This is second play dealing with gay issues written in the early 1990’s that I have reviewed in the past two weeks. McNally, who is an openly gay man, is by far the superior writer and Love! Valour! Compassion! is a work of art rather than the annoying straight-bashing exercise that Jonathan Tolins’ The Twilight of the Golds is. Not that there isn’t some good natured straight-bashing in this play, but it is to a purpose. When Buzz goes on his rant about visiting the local bank and finding straight people “everywhere” and exits shouting “They’re taking over!” it is funny and to the point. Straight people have taken over, and they’re reproducing.
But I don’t think that it is mere coincidence that these plays were written at about the same time. The early 1990’s were obvious a critical point for gay Americans. Their ranks had been thoroughly ravaged by AIDS at the same time that they were starting to move more into the mainstream of society. Horrible a scourge as AIDS is, it did force straight Americans to examine their attitudes towards their gay neighbors and start to right the wrongs that had been inflicted on them. In America gay rights is still a work in progress, but that slow sea change had its beginnings in the early 1990’s, and articulate gays like McNally were moved to explain and explore their lives in public in ways that wouldn’t have been possible a few decades earlier.
Because many of the characters in Love! Valour! Compassion! are artists they each have moments in which they behave in that grand, passionate manner we associate with the artistic temperament. The title prepares you for that kind of behavior. These are men who punctuate the stories of their lives in exclamation points, not mere periods. But there are plenty of question marks along the way. Will Perry put on a tutu? Will John and James reconcile before James dies? Will Gregory finish choreographing his new dance? Will Ramon ever put his pants on?
I have to say that I agree with the character of John when, very early on in the play, he tells Ramon in no uncertain terms to stop waving his dick in everyone’s face. Not that he listens. Ramon is one of those people who likes to be naked, and luckily Fromeyer is a gentleman who looks good naked, which cannot be said for most people, male or female, young or old, gay or straight. In fact, this entire cast (only Fried and Adkins are allowed to refrain from baring it all), thankfully, is good eye-candy, and, with the exception of the exhibitionist Ramon, the nudity is handled with modesty and decorum. There is considerably more dorsal than frontal exposure, and many cunning postures that conceal the naughty parts are employed.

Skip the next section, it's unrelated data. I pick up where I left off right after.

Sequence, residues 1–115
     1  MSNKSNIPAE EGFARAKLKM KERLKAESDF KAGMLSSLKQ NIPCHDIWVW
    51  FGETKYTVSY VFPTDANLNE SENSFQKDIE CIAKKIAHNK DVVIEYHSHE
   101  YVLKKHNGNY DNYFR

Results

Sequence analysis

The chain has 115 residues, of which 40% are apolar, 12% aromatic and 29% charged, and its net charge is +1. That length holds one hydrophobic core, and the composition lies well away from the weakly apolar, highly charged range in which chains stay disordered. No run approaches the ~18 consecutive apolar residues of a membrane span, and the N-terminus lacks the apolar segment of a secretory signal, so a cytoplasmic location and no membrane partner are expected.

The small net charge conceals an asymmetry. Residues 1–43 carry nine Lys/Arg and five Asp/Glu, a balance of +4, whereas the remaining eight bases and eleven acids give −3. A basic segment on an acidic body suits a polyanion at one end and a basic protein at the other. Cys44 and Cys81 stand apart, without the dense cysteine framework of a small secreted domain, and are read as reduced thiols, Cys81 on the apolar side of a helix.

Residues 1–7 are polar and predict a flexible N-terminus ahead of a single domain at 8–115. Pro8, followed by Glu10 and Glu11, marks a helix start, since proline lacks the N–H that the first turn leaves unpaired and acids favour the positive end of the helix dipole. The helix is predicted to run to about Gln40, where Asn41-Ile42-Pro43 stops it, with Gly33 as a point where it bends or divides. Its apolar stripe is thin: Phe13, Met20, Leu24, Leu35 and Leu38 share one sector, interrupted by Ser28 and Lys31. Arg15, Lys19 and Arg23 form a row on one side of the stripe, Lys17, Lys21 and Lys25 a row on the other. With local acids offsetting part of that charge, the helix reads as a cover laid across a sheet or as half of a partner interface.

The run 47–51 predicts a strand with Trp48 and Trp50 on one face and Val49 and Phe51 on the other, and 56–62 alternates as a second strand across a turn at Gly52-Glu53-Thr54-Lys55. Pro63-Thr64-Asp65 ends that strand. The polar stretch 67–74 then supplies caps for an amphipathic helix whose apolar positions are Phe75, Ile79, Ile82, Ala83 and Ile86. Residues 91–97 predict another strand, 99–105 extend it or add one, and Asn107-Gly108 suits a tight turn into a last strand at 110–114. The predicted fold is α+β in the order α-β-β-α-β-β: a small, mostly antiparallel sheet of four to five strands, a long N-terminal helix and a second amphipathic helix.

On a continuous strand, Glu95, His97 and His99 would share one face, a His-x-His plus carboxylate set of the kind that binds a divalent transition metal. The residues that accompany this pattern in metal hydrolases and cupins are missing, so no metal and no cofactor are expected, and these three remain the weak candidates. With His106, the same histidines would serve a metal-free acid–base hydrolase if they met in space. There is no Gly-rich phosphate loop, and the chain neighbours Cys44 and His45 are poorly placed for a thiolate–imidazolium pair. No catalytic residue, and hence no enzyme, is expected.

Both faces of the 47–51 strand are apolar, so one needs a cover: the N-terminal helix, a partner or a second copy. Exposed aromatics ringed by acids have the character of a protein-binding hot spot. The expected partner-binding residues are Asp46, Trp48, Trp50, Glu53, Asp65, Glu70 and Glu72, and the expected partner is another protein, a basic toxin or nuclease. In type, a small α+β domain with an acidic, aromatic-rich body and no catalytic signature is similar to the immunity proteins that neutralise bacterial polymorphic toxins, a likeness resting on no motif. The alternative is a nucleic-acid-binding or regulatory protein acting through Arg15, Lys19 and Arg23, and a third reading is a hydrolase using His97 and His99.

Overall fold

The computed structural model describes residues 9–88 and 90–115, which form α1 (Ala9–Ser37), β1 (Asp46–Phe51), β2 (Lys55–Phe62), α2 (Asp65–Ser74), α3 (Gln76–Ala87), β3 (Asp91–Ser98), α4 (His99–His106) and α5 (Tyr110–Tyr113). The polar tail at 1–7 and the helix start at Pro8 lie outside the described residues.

I have to say that, as a straight woman, I felt left out at this particular performance – and not by the playwright or the director or the actors, but by the rest of the audience. Apparently this play was extra hilariously funny and I didn’t get it. I mean I got the jokes, there were plenty of them and they were very funny, but they weren’t THAT funny. Every single punch line was greeted with HILARIOUS laughter. Are gay men just innately extra hilariously funny and no one bothered to tell me? Are straight people required to laugh extra hard at gay humor to show that we get it and that we’re not offended and that we really like gay people a whole lot? Would I have found the jokes more hilarious if I was gay, or a man, or an actor? I attended the official opening night where the audience was filled with theatre people and friends and relations of the actors. I suppose that it is pretty hysterical, in both senses of the word, to see your son or neighbor or spouse prancing about on stage stark naked or kissing another man or dancing “Swan Lake” in a white tutu. And I am certainly glad that everyone was having such a good time, but I found all that hilarity slightly forced and patronizing.
I would be fascinated to come back and see the show again with an average audience. I will be fascinated to hear how this show plays in Peoria, or in this case Stockbridge. Love! Valour! Compassion! is a bold choice for a summer theatre, and, I think, a worthy one. I hope the general ticket-buying public agrees.
Love! Valour! Compassion! runs through July 7 on the Main Stage at the Berkshire Theatre Festival (box office 413-298-5536) between Rts. 7 & 102 in Stockbridge. The show runs three and a half hours with two intermissions and is definitely "R" rated.
copyright Gail M. Burns, 2007
* By unanimous decision last year my sons voted that I, their mother, was secretly a gay man. It is now apparent that I am Buzz Hauser, except I don't have AIDS. Now I know that I am the balding one who wears red patent leather high-heels, a frilly apron, and sunglasses, and nothing else, while serving iced tea, which is fine with me, but what kind of a name is Buzz...?